A major storm system rolled through Michigan on Saturday, destroying barns, twisting irrigation pivots, and leaving fields in standing water.
In the EF-1 tornado’s path was Chapin Family Farms LLC in Remus.
The storm destroyed two of the dairy farm’s heifer facilities and partially damaged another.
“But nobody was hurt,” said owner Doug Chapin. “I had two families and actually a close neighbor right across the road, and other than trees and barns like that, no people were hurt, so we're real grateful for that. We had some cattle injured and our veterinary clinic was out … accessing some of the cattle and treating them.”
Chapin said the storm hit his Mecosta County farm around 2:30 p.m. June 26.
“If you looked at the barns, you would have thought it would have been a lot worse than it was, so that's good,” said Chapin, board chairman of the Michigan Milk Producers Association.
Other areas hit hard by the storm include Ionia and Clare counties.
Record daily rainfall hit Grand Rapids June 26 at 2.81 inches, up from 2.78 inches set in 1909, according to the National Weather Service. In all, five tornadoes hit Michigan on Saturday.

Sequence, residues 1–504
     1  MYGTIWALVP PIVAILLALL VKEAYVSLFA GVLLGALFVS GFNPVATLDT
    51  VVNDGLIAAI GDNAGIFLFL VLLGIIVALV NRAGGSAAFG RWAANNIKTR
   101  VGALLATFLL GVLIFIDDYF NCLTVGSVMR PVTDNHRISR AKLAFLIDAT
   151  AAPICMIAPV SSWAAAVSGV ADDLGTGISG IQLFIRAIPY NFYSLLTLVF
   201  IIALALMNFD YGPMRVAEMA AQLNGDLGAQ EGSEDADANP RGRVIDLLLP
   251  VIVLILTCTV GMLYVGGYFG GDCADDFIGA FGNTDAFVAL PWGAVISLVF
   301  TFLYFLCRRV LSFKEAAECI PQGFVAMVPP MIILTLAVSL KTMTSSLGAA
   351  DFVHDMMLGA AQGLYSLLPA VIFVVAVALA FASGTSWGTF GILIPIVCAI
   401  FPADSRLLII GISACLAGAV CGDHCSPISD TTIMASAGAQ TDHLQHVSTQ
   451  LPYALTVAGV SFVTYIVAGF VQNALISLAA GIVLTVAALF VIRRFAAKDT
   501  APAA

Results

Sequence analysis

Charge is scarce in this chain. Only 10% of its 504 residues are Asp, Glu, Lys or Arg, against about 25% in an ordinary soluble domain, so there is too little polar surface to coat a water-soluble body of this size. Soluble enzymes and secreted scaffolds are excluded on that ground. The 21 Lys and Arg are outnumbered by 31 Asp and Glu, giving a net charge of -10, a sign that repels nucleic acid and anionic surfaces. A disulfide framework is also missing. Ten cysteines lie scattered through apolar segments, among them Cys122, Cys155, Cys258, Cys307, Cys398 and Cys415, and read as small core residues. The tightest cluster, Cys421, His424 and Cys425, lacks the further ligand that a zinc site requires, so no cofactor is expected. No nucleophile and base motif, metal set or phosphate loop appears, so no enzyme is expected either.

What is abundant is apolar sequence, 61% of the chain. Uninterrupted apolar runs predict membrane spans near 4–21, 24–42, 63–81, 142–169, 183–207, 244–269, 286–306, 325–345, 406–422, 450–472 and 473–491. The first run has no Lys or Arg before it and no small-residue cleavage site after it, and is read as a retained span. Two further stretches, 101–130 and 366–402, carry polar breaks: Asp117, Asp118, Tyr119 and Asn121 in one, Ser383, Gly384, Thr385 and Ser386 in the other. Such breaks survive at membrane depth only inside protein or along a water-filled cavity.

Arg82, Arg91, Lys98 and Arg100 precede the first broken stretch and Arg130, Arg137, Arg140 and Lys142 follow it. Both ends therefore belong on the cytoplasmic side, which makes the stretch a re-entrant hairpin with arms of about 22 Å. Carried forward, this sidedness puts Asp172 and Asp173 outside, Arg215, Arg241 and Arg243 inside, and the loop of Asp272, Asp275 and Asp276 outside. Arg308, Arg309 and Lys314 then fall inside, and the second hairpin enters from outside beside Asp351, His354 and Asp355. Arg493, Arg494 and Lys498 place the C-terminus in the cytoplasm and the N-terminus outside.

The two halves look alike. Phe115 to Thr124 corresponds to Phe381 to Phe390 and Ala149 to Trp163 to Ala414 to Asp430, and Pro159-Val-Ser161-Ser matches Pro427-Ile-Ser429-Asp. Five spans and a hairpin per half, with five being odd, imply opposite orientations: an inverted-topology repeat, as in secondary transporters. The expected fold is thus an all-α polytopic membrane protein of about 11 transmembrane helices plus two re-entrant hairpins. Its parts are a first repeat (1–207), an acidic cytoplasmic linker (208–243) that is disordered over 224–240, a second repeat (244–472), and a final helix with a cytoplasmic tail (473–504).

The recent wet weather has “really changed the game for agriculture,” said Jeff Andresen, state climatologist for Michigan.
“D2 drought to severe-drought conditions to flooding virtually within a week or 10 days — that's something we don’t see very often,” said Andresen. “We actually don't see this very often anywhere, but we literally have seen the rainfall that has fallen over the last week over four inches in many cases and over eight inches in other. It caused major flooding.”
Farm Bureau Insurance of Michigan reports 500 claims since the storm took place, with roughly 90% of them related to the heavy rains.
Most of the claims, to date, are in Wayne County.
“Our statewide claims team, both auto and property, is right on top of the claims and using our resources to take care of our insured,” said Timothy Martin, director of property claims for Farm Bureau Insurance of Michigan. “It’s a busy time of year, for sure, but the spring and summer months usually are, and this spike in claims is a normal and expected occurrence. We are well staffed and able to quickly pivot to secure and deploy resources wherever they are needed across the state.
“We have a great team of well-trained, caring and dedicated adjusters that are able to step up at a moment’s notice to help our insured in their time of need.”
Martin said this type of storm is normal, with several happening each year.